Written by: Luana Scanlan, PRIME Consultants, Owner
The phrase, ‘I work from home’ used to conjure pictures of a coupon clipping mom at her kitchen table, scissors in hand surrounded by newspapers and color-coded envelope files. Or Papa up at the crack of dawn weeding the taro patch. In reality, prior to COVID-19, only 7% of Americans enjoyed the luxury of working from home (Pew Research Center). However, since the pandemic, nationwide surveys conducted by Stanford researcher, Nicholas Bloom, reveal that 42% of the U.S. labor force is now working from home full-time. Thanks to worldwide efforts to stem the spread of COVID-19 and its mutations, physical lockdowns or stay-at-home orders are the norm.
In preparation for the inevitable first case of COVID-19 in American Samoa, the Alliance began modified remote-work protocols in mid-2020. The Alliance’s work is inherently people focused: stakeholder meetings, community workshops, team planning conferences are all part of the Alliance team’s normal workday. Engaging people is the most effective method for reaching the Alliance’s target audiences.
The new remote-work protocol allows team members to work from home at least four days per week with a weekly in-person check-in, practicing physical distancing, at the Alliance office. In-person meetings are replaced with Zoom calls and increased email usage. The office itself is physically modified to house ‘pods’ of individuals who work together most often. For example, the office manager and executive director work from partitioned workspaces separated from the rest of the office by a door. The media manager and her assistant are partitioned in another section. And finally, a safety glass partition and locked door were installed at the front entrance. While these modifications enhance physical safety and encourage physical distancing practices, they also create a sense of ‘social’ distancing that may not encourage the type of interaction team members are used to or sustain a team mindset. It can negatively affect morale and combined with other issues going on within the home, may create a negative work culture.
A quick scan of the internet resulted in the following Four Tips for creating a Positive Work Culture while working from home. Notably, the Alliance’s team implemented all these ideas in the office prior to COVID-19 – the key is to successfully implement them virtually.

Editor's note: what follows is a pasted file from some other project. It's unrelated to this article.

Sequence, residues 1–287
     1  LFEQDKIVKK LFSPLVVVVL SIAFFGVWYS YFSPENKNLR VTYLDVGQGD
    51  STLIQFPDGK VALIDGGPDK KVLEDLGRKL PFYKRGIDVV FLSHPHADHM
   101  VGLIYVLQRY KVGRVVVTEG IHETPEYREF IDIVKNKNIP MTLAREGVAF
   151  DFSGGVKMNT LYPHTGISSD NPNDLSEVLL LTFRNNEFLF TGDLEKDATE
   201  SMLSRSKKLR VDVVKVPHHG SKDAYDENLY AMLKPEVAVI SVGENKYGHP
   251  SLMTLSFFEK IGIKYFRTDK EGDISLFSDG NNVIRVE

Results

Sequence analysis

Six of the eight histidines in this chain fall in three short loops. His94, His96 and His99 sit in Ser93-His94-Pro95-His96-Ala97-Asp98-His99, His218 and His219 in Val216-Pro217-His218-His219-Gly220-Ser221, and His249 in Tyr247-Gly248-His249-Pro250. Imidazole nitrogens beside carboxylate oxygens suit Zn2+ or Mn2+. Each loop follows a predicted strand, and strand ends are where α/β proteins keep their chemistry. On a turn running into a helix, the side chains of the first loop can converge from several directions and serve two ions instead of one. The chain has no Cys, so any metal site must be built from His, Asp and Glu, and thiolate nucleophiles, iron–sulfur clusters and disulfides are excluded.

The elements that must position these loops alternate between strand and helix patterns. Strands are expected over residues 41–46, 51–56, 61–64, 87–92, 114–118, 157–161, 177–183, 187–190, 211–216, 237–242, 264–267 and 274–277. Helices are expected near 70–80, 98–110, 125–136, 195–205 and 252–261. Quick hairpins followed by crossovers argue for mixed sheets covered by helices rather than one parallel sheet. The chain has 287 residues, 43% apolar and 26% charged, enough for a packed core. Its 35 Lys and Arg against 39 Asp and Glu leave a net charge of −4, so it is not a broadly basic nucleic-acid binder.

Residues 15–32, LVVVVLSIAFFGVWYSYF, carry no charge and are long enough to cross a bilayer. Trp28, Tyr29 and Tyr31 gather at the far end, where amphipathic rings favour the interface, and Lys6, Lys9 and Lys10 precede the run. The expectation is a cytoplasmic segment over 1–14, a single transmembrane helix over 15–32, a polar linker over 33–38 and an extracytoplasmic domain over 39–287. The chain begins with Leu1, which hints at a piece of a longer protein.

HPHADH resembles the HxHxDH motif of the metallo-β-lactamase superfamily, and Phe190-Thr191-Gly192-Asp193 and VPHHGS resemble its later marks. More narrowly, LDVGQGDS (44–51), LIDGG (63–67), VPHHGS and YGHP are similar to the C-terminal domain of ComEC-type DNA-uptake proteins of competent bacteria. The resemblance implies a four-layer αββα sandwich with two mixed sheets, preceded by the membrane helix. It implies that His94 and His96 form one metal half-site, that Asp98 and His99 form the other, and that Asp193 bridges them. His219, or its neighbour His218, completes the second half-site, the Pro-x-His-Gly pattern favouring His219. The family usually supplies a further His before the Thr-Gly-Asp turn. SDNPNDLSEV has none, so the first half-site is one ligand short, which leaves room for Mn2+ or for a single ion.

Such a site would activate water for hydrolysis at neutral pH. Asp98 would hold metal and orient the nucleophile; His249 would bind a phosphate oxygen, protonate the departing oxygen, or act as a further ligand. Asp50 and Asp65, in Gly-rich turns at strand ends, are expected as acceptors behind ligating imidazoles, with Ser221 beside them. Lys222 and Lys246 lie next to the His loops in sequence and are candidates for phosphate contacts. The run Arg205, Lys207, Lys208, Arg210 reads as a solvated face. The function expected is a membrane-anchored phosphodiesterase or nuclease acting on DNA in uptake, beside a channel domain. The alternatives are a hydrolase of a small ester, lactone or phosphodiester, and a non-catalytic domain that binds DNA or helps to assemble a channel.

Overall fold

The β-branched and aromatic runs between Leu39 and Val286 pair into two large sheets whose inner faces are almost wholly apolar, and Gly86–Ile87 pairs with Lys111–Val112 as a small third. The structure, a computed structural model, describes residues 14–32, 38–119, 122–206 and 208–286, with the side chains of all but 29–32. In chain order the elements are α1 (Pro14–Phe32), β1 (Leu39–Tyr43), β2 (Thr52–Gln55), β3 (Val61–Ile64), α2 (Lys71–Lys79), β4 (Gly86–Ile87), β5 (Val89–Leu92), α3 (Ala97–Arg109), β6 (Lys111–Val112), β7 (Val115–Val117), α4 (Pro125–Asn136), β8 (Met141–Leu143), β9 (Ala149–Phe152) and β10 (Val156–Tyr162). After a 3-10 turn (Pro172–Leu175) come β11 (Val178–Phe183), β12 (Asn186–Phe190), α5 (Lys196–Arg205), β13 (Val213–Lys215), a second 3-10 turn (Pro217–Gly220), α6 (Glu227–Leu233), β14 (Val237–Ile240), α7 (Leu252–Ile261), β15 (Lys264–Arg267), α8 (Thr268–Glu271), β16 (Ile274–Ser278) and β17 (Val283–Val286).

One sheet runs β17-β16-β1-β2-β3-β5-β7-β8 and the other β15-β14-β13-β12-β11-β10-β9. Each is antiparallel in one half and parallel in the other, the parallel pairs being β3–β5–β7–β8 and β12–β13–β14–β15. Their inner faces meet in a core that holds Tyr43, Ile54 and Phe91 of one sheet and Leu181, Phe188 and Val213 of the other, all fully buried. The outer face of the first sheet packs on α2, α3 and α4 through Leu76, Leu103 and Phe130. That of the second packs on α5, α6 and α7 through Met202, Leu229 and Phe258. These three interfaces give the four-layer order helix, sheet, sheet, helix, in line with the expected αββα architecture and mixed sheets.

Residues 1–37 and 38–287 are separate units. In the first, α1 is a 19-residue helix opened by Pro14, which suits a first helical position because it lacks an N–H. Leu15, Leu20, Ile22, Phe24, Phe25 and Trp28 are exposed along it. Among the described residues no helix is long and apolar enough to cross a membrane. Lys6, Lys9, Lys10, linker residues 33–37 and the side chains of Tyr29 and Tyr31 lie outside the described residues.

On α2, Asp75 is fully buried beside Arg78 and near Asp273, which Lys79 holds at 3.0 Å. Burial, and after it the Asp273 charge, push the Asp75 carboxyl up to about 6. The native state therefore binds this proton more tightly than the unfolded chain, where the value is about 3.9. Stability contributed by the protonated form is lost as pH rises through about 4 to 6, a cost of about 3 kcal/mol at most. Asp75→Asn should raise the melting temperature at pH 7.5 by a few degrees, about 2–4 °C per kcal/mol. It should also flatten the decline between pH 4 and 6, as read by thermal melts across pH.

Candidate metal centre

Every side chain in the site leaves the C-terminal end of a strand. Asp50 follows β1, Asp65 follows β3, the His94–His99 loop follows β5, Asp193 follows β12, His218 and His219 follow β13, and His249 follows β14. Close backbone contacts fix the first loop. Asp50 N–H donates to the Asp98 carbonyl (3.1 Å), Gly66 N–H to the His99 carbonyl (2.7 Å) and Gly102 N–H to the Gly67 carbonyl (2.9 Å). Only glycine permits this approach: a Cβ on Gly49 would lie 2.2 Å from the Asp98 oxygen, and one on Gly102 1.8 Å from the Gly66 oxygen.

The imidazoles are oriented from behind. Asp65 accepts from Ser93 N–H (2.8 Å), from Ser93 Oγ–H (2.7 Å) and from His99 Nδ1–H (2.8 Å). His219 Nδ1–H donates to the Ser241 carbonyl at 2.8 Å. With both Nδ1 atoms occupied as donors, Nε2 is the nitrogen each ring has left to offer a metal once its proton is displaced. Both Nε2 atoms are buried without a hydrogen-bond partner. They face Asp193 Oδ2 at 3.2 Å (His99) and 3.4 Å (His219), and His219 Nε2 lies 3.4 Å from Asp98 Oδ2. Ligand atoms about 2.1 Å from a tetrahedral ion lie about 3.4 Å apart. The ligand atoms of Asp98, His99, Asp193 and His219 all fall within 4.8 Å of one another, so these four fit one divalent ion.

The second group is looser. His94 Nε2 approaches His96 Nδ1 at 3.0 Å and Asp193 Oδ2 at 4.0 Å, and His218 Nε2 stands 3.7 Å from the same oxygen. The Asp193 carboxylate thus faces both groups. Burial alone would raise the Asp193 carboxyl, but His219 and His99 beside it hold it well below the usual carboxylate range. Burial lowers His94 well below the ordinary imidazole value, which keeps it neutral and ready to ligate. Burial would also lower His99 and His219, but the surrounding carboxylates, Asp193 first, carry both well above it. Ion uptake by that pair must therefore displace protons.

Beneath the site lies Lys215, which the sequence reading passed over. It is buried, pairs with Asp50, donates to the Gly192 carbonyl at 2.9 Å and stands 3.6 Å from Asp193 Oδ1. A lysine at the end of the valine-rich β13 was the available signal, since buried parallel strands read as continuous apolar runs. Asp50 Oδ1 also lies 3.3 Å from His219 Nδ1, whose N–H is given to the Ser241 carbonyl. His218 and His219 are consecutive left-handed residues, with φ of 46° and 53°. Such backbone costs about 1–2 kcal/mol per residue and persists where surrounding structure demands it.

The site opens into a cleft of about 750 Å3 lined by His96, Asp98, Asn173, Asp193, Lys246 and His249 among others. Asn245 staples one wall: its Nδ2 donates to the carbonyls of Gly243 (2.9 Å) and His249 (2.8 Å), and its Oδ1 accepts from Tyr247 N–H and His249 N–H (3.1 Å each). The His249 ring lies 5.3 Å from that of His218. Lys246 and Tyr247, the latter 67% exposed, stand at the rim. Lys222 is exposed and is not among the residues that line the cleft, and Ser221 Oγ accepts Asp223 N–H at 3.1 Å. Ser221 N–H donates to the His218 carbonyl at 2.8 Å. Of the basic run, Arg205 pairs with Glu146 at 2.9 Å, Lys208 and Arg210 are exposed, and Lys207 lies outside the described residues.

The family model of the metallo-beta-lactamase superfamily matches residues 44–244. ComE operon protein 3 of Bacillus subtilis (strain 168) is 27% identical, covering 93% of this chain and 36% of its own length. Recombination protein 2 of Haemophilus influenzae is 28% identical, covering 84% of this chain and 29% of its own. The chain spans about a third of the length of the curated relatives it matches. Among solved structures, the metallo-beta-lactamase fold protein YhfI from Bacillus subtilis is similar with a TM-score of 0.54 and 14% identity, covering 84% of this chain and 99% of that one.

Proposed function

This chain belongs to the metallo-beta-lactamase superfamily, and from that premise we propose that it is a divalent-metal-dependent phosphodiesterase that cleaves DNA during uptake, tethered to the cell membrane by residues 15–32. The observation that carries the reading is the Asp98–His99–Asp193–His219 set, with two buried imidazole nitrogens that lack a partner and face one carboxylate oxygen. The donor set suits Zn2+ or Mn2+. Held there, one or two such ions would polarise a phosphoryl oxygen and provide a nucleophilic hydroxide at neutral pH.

Tip #1: Encourage virtual social hours – lunchroom, ‘meet the pets’, game day, etc.
Alliance team members regularly ate lunch together in the office common area. Most days someone cooked lunch in the office kitchen, and sometimes they even shared breakfast. On these occasions they shared stories, gave each other feedback, and yes, talked about work.
Tip #2: Create a weekly ‘work-to-do’ communication mechanism – project updates, a ‘feel good’ forum where everyone can post positive things, resources, request help on projects, etc.
Tip #3: Celebrate and acknowledge team members virtually.
Tip #4: Recreate office traditions in virtual formats. Prior to COVID the Alliance held quarterly ‘Me Day’ sessions. The activities were focused on improving wellness among team members and the work team as a unit. It was a time for personal expression, decompression, and focusing on ‘Me’. Virtual painting sessions, cooking meals (i.e., guess what I’m cooking!), reciting favorite poetry.
Ultimately, these Tips encourage taking the positive aspects of the workplace into the virtual workspace. It is important to note that the Alliance equipped each team member with the technology needed to work effectively at home, including internet access and workspace equipment. Now that’s using your COVID-19 funding appropriately!
Written by staff of the Alliance